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Morus rubra - L.
                 
Common Name Red Mulberry, Common Mulberry, White Mulberry
Family Moraceae
USDA hardiness 4-9
Known Hazards Skin contact with the leaves or stems can cause dermatitis in some very sensitive people[226]. The milky sap in the leaves and unripe fruits can cause dermatitis, hallucinations and central nervous system disturbances[274].
Habitats Rich moist woods[43, 227]. Sunny places along the sides of roads[159]. Plants do not grow well on poor soils[227].
Range Eastern N. America - Quebec to Florida, west to Texas and South Dakota.
Edibility Rating  
Other Uses  
Weed Potential No
Medicinal Rating  
Care
Fully Hardy Moist Soil Semi-shade Full sun

Summary
Form: Rounded, Spreading or horizontal.

Morus rubra Red Mulberry, Common Mulberry, White Mulberry


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Morus rubra Red Mulberry, Common Mulberry, White Mulberry
   
Physical Characteristics
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Morus rubra is a deciduous Tree growing to 15 m (49ft 3in).
It is hardy to zone (UK) 5. It is in flower in May, and the seeds ripen from Jul to August. The flowers are dioecious (individual flowers are either male or female, but only one sex is to be found on any one plant so both male and female plants must be grown if seed is required)The plant is not self-fertile.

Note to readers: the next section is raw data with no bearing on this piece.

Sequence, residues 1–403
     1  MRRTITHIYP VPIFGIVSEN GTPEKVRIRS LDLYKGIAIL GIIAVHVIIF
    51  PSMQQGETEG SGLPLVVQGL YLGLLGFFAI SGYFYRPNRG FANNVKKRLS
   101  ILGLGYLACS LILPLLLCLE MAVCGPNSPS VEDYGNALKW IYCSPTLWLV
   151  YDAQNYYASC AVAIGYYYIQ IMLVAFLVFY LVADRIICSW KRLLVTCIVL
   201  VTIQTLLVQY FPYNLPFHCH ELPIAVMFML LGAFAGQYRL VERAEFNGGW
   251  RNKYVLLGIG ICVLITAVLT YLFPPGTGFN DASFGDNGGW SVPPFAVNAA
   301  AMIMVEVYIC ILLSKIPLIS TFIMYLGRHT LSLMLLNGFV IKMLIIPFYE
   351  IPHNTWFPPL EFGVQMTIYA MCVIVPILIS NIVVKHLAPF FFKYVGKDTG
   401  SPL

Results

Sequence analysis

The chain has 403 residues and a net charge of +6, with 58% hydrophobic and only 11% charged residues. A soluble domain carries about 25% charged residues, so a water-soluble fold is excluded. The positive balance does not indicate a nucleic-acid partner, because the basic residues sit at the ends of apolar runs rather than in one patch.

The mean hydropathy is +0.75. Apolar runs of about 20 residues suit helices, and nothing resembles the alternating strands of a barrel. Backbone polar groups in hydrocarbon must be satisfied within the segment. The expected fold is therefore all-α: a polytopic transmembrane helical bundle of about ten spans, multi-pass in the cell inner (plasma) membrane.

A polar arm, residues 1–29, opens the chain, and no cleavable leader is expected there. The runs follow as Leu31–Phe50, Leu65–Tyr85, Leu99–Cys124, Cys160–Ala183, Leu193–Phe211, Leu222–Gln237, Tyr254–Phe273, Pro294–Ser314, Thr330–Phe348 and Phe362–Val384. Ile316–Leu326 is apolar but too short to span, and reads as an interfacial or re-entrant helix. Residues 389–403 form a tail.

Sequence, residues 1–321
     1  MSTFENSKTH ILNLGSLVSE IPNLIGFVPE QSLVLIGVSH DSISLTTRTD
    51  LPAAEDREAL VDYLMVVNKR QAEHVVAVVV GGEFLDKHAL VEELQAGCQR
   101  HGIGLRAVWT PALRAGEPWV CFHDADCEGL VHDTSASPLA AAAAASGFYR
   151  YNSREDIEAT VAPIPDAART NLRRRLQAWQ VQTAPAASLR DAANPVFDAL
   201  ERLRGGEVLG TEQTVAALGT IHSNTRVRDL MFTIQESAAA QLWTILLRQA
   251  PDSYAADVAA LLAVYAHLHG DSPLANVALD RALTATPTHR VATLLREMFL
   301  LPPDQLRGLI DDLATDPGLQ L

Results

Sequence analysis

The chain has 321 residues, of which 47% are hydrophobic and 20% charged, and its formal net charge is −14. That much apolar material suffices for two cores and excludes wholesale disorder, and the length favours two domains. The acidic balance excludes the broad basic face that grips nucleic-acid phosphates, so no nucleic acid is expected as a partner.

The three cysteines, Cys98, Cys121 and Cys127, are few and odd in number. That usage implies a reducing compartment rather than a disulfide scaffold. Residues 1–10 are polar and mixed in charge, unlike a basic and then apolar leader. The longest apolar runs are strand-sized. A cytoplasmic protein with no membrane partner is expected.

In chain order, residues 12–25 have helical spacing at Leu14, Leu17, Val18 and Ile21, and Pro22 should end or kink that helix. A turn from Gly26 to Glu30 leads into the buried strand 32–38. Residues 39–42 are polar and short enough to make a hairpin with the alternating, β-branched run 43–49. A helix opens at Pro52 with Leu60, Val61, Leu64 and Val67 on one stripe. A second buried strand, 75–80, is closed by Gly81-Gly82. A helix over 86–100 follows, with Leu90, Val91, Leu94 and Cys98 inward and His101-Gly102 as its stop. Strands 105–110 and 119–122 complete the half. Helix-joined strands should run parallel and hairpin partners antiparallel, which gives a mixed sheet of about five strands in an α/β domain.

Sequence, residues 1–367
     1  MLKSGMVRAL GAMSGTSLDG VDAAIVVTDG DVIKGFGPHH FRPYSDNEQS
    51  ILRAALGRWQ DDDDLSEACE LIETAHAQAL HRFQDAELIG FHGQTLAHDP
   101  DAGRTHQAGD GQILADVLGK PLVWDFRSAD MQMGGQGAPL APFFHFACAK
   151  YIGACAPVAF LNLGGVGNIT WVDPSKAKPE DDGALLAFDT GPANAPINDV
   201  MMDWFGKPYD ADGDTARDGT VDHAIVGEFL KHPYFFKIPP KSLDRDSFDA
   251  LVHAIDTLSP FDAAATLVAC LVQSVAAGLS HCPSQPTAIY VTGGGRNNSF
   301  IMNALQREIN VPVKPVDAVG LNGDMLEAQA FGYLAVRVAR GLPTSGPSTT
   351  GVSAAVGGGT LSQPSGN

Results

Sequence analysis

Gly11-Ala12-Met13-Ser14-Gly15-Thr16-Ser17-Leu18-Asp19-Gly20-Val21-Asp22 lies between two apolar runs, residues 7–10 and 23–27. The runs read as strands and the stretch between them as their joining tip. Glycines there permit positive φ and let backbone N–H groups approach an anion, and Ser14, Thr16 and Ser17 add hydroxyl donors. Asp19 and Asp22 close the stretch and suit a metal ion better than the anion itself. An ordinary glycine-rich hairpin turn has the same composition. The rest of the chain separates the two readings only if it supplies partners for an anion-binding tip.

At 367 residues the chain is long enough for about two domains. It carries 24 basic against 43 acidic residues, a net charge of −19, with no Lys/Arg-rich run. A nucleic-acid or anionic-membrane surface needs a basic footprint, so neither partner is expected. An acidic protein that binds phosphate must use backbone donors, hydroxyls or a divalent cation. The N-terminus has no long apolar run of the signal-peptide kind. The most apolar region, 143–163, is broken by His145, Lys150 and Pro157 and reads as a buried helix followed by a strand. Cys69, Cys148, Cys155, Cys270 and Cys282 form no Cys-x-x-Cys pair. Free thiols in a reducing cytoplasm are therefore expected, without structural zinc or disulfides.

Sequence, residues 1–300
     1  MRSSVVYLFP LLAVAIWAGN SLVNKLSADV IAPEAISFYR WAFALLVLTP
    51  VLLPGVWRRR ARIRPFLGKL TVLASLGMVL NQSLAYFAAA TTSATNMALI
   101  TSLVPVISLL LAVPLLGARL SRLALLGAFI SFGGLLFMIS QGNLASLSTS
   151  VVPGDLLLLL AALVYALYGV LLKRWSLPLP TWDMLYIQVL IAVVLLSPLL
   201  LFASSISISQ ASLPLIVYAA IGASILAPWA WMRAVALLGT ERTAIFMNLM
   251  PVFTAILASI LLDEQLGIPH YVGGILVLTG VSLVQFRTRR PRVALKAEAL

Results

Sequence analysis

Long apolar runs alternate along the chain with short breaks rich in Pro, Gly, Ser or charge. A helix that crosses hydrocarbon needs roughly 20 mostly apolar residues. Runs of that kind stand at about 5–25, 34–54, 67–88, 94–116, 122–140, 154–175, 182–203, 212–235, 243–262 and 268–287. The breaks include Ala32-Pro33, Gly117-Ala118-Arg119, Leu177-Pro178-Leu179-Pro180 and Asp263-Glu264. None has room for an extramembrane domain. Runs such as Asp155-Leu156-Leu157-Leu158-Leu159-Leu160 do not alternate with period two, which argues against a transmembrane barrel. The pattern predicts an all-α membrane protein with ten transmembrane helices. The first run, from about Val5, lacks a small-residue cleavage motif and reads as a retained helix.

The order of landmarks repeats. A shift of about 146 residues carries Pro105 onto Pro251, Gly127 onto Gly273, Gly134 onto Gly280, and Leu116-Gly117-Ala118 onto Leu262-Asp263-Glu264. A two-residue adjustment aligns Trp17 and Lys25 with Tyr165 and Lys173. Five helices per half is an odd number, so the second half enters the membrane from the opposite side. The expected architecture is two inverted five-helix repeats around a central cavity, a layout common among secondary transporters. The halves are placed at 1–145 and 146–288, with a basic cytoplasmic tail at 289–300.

Suitable for: light (sandy), medium (loamy) and heavy (clay) soils and prefers well-drained soil. Suitable pH: acid, neutral and basic (alkaline) soils. It can grow in semi-shade (light woodland) or no shade. It prefers moist soil.

Synonyms

Habitats
Woodland Garden Secondary; Sunny Edge;
Edible Uses
Edible Parts: Fruit;  Leaves.
Edible Uses:

Fruit - raw, cooked or made into preserves[2, 3, 21, 62, 149, 183]. Large and sweet with a good flavour, the fruit can be up to 3cm long[200]. The fruit can also be dried and ground into a powder[183]. This is used to make a delicious confection with almonds and other nuts[183]. The fruit is soft and juicy, when fully ripe it falls from the tree and is easily squashed[227]. Unripe fruits can cause stomach disorders[226]. Young shoots and unfolding leaves - raw or cooked.
Medicinal Uses


Plants For A Future can not take any responsibility for any adverse effects from the use of plants. Always seek advice from a professional before using a plant medicinally.

Anthelmintic;  Cathartic;  Febrifuge.

The root bark is anthelmintic and cathartic[21]. A tea made from the roots has been used in the treatment of weakness, difficult urination, dysentery, tapeworms and as a panacea[222, 257]. The sap is used in the treatment of ringworm[222, 257]. Another report says that the milky juice obtained from the axis of the leaf is used[21]. The fruits are used to reduce fevers[222].
Other Uses
Fibre;  Wood.

A cloth can be made from the fibrous bark[149]. Wood - coarse-grained, light, very durable, not strong, soft, rather tough. It weighs about 45lb per cubic foot and is used for boats, fencing and cooperage[46, 61, 82, 227, 229].